Ford Galaxie is First Produced
The Ford Galaxie was a full-size car built in the United States by the Ford Motor Company for model years 1959 through 1974.
The name was used for the top models in Ford’s full-size range from 1959 until 1961. In 1962, all full-size Fords wore the Galaxie badge, with "500" and "500/XL" denoting the higher series. 1965 saw the introduction of the Galaxie 500/LTD, followed by Galaxie 500 7-Litre in 1966. The Galaxie 500 part was dropped from the LTD in 1966, and from the XL in 1967, however the basic series structuring levels were maintained. The "regular" Galaxie 500 continued below the LTD as Ford’s mid-level full-size model from 1965 until its demise at the end of the 1974 model year.
The Galaxie was the high volume counterpart to the Chevrolet Impala. Some Galaxies were high-performance, racing specification machines, a larger forebear to the muscle car era. Others were plain family sedans.
A version of the car was also produced in Brazil under the names Galaxie 500, LTD and Landau from 1967 to 1983.
The similarly named Ford Galaxy is a large car/minivan available in the European market. The vehicle's name is taken from the original Ford Galaxie.
1959 saw the introduction of the Galaxie name in Ford's model lineup at mid-year. That year, the Galaxie range of six models were simply upscale versions of Ford's long-running Ford Fairlane with a revised rear roofline that mimicked the concurrent Thunderbird. In keeping with the era, the 1959 Galaxie was a chrome and stainless steel-bedecked, two-tone colored vehicle. It was the very image of late-1950s American automobile excess, albeit somewhat tamer than its Chevrolet and Plymouth competitors.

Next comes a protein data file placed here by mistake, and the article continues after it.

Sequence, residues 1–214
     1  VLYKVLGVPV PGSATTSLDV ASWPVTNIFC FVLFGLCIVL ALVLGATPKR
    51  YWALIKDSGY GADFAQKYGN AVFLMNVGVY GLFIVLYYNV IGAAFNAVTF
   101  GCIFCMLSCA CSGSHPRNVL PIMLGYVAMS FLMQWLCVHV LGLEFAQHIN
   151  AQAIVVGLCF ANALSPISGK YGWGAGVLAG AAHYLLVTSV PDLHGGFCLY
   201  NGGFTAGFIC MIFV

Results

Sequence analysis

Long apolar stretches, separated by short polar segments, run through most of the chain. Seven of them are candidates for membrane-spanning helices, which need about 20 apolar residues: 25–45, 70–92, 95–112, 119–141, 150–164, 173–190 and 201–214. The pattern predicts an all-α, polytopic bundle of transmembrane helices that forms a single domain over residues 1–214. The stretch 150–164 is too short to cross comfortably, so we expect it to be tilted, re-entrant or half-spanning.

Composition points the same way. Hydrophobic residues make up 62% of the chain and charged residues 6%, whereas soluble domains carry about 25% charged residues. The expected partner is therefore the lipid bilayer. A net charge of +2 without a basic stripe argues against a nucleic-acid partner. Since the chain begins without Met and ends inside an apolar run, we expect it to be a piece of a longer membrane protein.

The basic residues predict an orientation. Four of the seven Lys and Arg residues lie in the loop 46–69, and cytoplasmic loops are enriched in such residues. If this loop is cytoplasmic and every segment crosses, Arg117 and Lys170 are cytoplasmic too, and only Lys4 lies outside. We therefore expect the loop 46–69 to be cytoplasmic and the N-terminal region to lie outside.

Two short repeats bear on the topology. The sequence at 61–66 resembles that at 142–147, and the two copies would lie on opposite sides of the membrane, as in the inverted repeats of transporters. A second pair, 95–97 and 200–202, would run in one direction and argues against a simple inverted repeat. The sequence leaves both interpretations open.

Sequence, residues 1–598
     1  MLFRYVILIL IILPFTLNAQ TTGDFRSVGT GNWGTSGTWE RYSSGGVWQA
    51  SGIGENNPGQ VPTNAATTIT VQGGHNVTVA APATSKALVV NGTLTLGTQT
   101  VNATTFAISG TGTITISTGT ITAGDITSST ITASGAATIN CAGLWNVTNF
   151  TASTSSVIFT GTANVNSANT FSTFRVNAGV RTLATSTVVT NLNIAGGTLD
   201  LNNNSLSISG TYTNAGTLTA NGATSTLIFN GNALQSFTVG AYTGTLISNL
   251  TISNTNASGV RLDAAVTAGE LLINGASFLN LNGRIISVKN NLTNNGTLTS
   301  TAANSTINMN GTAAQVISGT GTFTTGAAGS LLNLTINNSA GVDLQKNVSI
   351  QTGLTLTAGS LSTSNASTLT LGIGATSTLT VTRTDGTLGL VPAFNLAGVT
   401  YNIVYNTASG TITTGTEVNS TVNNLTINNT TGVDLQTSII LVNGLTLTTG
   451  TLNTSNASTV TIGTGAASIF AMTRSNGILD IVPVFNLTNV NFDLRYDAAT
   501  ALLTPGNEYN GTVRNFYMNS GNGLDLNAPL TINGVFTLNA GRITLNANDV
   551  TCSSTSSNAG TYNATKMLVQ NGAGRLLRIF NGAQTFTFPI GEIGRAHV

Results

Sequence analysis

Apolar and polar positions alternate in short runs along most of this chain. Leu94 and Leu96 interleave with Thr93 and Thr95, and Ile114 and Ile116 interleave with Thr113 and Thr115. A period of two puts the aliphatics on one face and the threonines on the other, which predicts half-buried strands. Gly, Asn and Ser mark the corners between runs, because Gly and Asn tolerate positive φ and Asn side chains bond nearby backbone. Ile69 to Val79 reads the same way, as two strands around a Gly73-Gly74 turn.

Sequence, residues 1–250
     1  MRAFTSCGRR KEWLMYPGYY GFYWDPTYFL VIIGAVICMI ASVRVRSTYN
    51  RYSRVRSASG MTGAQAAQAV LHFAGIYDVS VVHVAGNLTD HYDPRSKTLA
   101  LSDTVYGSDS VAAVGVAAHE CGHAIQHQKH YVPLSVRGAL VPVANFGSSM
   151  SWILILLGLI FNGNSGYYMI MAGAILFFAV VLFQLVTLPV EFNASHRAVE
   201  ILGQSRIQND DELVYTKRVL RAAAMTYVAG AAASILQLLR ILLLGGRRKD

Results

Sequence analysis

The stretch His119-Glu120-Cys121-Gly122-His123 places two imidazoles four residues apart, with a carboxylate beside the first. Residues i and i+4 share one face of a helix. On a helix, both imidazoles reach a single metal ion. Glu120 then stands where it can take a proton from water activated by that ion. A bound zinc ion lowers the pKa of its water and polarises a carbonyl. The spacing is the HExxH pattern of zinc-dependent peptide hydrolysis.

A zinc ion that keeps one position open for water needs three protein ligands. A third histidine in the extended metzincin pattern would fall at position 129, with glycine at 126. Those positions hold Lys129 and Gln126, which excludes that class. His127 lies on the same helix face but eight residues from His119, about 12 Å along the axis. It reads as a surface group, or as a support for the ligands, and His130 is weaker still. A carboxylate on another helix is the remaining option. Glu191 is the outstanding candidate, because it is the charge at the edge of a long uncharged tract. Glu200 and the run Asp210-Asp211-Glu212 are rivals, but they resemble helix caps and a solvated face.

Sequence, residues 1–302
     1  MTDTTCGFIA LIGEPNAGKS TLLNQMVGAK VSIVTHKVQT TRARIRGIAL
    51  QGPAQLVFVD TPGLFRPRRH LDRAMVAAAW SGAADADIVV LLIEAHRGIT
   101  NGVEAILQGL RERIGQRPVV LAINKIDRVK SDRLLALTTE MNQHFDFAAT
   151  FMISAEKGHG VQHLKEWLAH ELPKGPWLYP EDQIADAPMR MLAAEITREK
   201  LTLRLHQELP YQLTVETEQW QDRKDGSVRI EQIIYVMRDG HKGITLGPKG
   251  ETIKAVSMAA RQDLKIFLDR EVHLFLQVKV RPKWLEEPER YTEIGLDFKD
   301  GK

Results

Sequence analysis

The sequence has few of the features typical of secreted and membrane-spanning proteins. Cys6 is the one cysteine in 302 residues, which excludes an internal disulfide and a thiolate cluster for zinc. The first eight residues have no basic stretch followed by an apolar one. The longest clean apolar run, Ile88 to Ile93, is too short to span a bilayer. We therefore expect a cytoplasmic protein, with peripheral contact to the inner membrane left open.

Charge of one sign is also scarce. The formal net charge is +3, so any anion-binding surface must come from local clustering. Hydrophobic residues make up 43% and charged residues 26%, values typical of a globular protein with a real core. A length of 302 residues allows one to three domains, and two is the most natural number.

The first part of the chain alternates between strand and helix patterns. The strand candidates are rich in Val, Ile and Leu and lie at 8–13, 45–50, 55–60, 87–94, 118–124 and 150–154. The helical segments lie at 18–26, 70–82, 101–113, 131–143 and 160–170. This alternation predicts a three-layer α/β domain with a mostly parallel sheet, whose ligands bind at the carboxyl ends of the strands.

Among the models was the Skyliner, featuring a retractable hardtop that folded down into the trunk space; this feature, impressive but complicated, expensive and leaving very little trunk room when folded down, did not last long, being produced from 1957 through 1959. Power retractable hardtops have since been used by luxury manufacturers such as Mercedes-Benz, Lexus, and Cadillac, but in all these cases the vehicle was a two-seater, allowing a much smaller top mechanism than the Skyliner's. Not until 2006, when the Pontiac G6 convertible appeared, did another mass-market model with a rear seat appear in this category.
Factory-built cars underwent their first major restyle for 1959. A fixture also was the previous year's 352 V8, still developing 300 horsepower.
The 1960 Galaxie was all-new in style, abandoning the ostentatious ornamentation of the 1950s for a futuristic, sleek look. A new body style this year was the Starliner, featuring a huge, curving rear observation window on a pillarless, hardtop bodyshell. The formal roofed 2-door hardtop was not available this year. It had been the most popular body style in the line in 1959, and sales dropped off sharply. Contrary to Ford's tradition of pie-plate round taillghts, the '60 featured "half-moon" lenses turned downward. The "A" pillar now swept forward instead of backward, making entering and exiting the car, more convenient.